TikTok punishes Baudet after violating rules

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TikTok punishes Baudet after violating rules

Thierry Baudet paid TikTok for extra reach on the platform in the run-up to the provincial elections, while the company explicitly forbids this, BNR discovered. Advertising videos from his account were viewed at least two million times.

Screenshots of the commercials that Thierry Baudet used on TikTok prior to the March 15 elections. The ‘Recl’ tag shows that Baudet has paid for the promotion on the platform. The videos received more than two million views and tens of thousands of interactions. (BNR)

Other parties active on the platform, such as VVD and Groenlinks, do adhere to the ban. Because the Forum for Democracy is the only party that seems to be violating the advertising ban for the time being, an uneven playing field is created on TikTok during the campaign period. More than a million voters can be reached with a few thousand euros.

In the run-up to the provincial elections, the medium offers access to more than three million voters, mainly young people. At the beginning of this year, the app had 850,000 users in the 20 to 24 age group.

Lack transparency TikTok

Forum for Democracy also seems to have this target group in mind in the advertisements that are placed. The party paid at least twice this week, just before the election, to promote content on the platform. These are videos in which Baudet enters into a collaboration with a rapper via his personal account to make a music track. (‘Not politically correct / I say what I want as Baudet / A government under Rutte / never that I trusted them’). The videos together have more than two million views on the platform. Baudet (or other politicians) may have placed more advertisements – TikTok does not disclose this.

Another advertisement, with a direct call to vote from Thierry Baudet, came online via an account that does not seem to be directly connected to Forum. This video reached 1.6 million views.

Baudet circumvented advertising bans for politicians with apparent ease

Both videos are prohibited under TikTok’s terms of use. Not only is politically tinted advertising not allowed, the platform prohibits politicians from advertising on the medium at all. “Access to advertising features is automatically disabled,” writes TikTok “for accounts of politicians and political parties.” In an earlier conversation with BNR, Theo Berthram, chief lobbyist for TikTok in Europe, said that this rule was hardly violated: “We don’t allow political ads, nobody tries to post political ads.”

It is unclear how Baudet managed to circumvent this ban, but TikTok may only impose these restrictions on ‘verified’ political accounts, which have personally made themselves known to the party through proof of identification. Using verified accounts offers some protection against disinformation, but many Dutch politicians choose not to get verified because TikTok also curtails the creative options for these types of accounts.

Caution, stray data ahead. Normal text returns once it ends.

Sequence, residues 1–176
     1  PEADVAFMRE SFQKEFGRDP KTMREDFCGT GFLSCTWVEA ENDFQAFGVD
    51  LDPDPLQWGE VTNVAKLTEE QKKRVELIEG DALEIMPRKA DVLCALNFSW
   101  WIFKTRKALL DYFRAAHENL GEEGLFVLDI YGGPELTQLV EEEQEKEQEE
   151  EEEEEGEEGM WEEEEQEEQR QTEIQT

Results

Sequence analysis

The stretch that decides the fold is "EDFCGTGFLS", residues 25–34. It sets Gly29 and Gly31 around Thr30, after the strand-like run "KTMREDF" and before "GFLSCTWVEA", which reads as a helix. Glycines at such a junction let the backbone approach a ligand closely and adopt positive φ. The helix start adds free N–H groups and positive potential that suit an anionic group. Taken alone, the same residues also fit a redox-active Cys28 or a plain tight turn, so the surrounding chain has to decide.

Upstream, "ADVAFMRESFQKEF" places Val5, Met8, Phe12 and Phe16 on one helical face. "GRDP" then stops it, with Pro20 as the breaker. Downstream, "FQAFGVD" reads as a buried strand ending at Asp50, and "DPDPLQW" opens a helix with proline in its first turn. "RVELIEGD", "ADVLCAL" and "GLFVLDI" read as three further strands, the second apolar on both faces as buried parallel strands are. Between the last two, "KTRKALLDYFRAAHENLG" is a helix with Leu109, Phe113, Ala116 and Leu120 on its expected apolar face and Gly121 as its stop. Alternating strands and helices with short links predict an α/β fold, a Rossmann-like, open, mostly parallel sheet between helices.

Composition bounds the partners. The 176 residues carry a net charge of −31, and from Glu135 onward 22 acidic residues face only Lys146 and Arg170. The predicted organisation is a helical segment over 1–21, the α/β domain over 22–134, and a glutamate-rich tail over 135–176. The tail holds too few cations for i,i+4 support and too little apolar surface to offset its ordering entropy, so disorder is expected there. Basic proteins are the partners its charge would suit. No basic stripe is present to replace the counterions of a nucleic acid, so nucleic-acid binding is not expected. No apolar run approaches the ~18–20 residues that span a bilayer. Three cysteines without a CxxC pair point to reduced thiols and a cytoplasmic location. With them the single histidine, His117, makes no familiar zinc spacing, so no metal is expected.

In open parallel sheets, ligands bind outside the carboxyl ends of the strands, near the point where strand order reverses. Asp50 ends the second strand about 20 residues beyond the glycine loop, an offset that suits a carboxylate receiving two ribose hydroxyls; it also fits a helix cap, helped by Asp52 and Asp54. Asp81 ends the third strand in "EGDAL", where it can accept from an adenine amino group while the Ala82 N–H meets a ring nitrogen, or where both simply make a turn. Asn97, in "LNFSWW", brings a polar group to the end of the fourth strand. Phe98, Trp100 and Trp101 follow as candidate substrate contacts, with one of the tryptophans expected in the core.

TikTok blocks going live, advertising opportunities

The ease with which Baudet seems to circumvent the rules raises questions about TikTok’s moderation capacity. After BNR showed earlier this month that it was possible to spread disinformation and calls for political violence via TikTok advertisements, the company promised to invest more in this.

TikTok has already imposed restrictions on Baudet. In a video that appeared online this Monday, the party leader is upset about a ban on live videos that he would have received from TikTok. Baudet keeps his phone in view. ‘Permanently blocked for violating Community Guidelines’ reads on the screen. TikTok informs BNR that politicians are never allowed to go live on the medium and that it has therefore withdrawn privileges for this on the account.

TikTok says in a response that it has also blocked advertising opportunities for Baudet. “Ads should never have been placed from this account. The advertisements themselves were also not allowed,” a spokesperson told BNR.

‘Tiktok first and foremost entertainment platform’

TikTok itself writes that it bans political advertising because it is “first and foremost an entertainment platform.” Due to this total ban, TikTok also escapes obligations imposed by the EU in the field of transparency around political advertisements.

The originally Chinese company behind TikTok, ByteDance, has been the subject of political controversy in recent months. The company was caught spying on journalists through the app and using a “keylogger” that may have been silently recording personal information such as passwords. D66, ChristenUnie and the Party for the Animals have therefore previously called on political parties not to use the app during campaign times. D66 also advocates a ban on the app on the telephone of civil servants.

Forum for Democracy did not want to answer questions from BNR.

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